In terms of my strategies around Greater Good itself, I find the card functions best in union with accelerated mana. Almost any deck that wants to run Greater Good is playing large creatures, as well as a 4cc enchantment requiring double-green commitment. That's a lot of mana to work with, which makes Elves a must. And the Priest is by FAR the best Elf, so it follows that the Priest follows Greater Good in almost any green-based deck. Likewise, when going Green, Maro and Multani make powerful attacking forces. The stunningly powerful Endless Wurm makes for a strange quandry - Sack the Wurm to the Good, or sack the Good to the Wurm? And that question is one that can only be answered through an enormous amount of practice and learning.

    Moving out of base green, the possibilities are literally endless. I played Greater Good quite prominantly in a Sneak Attack deck that featured Academy Rectors, Serra Avatars, and Angelic Choruses to create an impressive effect of doubling my life total with every red mana I spent - As an instant! To make matters still worse, the Rectors sought out whatever the deck needed to begin its insane loop, and the Greater Goods never ceased to draw through 30+ cards each game, feeding me my Avatars for the loop each time. Keeping track of my life became a matter for my calculator, as it more than once exceeded a million. Fortunately, the White Wind had not yet been released. :)

    In a stroke of inspiration, I built a U/W/g deck around Replenish with Opalescence and Greater Good. Once I hit eight mana, I would Replenish up a swarm, and sack them all to Greater Good, one at a time. The result was a HUGE graveyard, and I would have searched deep enough into my deck to find the next Replenish, making me the guy with by FAR the most permanents on the table. :) Glorious Anthem was the key card in terms of interaction with Greater Good, since, alongside Opaelcence, it made my side of the table fat enough to give me 3+ cards on each draw. Zvi once commented in an email to me (response to some commentary of his) that Greater Good was the key card in Replenish, at least during the age of Urza's Block Constructed, even if it only appeared in 1s and 2s. I consider it the second best enchantment to run in Replenish, after Opalescence.

    I worked with a Living Death varient for some time, working creatures like Multani (you catching the recurring theme yet?) in an out of my graveyard and through the Greater Good to, once again, feed Death #2.

    There are literally dozens of other varients I won't get into. Too many to chronicle, put simply.

    In general, the great strength of Greater Good lies in its ability to abuse cards you haven't drawn yet. There are always cards in your deck you'd like to have in your hand, and that's why drawing cards is a Good Thing(tm). And there are always obsolete resources on the table. Turning those resources into new cards is the process that wins games, and Greater Good does just that, almost flawlessly. The discarding theme attached to it is rarely a problem. Think of it as an Impulse - You use Greater Good, and you are getting the BEST of the cards you draw. You're discarding a couple of lands. Whoop-de-doo. Live with it! If you're drawing two more threats and losing two land and an Elf, you're coming out ahead - Even if you just sacrificed a usable resource, you now have TWO usable resources to show for it. As a result, it tends to be a good choice to sacrifice creatures aggressively. Trade in combat, and sack your fatty to draw more cards. Your opponent will down a threat, you'll be up a few. Even sacrificing a lowly Elf can be advantageous, if you think about it. Sack a 2/2, lose a card in your hand - But get an Endless Wurm off the draw, and suddenly you're up 5 cards total! The loss is usually irrelevant compared to gain.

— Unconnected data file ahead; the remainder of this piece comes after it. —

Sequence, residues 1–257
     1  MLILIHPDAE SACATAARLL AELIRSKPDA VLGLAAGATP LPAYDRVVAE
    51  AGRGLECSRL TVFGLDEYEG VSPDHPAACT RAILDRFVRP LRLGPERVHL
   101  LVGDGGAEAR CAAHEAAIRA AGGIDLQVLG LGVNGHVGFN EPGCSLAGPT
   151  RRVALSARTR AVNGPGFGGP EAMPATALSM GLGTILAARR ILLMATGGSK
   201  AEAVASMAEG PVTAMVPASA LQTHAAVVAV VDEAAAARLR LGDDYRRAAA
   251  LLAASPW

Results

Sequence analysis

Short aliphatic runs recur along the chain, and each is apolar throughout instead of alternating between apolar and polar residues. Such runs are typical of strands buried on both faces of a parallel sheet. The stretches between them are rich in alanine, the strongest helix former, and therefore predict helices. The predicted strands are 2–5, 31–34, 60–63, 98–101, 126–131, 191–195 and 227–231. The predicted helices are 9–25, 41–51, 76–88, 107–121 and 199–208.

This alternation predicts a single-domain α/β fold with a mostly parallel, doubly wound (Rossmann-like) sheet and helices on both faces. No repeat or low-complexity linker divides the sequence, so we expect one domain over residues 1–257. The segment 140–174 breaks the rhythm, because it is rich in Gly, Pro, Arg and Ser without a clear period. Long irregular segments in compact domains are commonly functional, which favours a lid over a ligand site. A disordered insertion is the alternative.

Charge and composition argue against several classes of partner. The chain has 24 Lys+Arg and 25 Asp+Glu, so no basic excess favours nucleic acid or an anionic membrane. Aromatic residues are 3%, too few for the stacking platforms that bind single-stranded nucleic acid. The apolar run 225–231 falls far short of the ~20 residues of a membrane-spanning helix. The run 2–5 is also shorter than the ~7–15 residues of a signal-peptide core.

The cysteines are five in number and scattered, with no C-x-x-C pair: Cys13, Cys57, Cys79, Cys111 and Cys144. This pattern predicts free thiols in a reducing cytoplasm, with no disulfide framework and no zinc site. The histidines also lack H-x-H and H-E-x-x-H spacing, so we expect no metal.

Watch out for decking yourself! That's usually the greatest threat to your survival, so make sure you have a few contingency plans. And whatever you do, DO NOT discard the contingency plans! :) That dumb, me learn HARD way.

    Above all else, play Greater Good with thought. It isn't a brainless beatdown card, and every time it shows up, it will perform a slightly different function. It only affects you, but it is ENORMOUSLY opponent-reliant. React. If your opponent has sixteen 1/1s on the table, attack with your Wurm and sacrifice it. If they have 3 3/3s, keep it back, block, and sacrifice if you need to. Every situation is different, you will have to react differently to play Greater Good well.

    I've seen exactly one tournament report with Greater Good in the winning deck - I look forward to finding more, some day, some where. And maybe writing a few myself! :)

  7. fuzzy510 I Don't REALLY Exist

    I think that Zadok's post may be the longest on-topic post in CPA History. I dunno.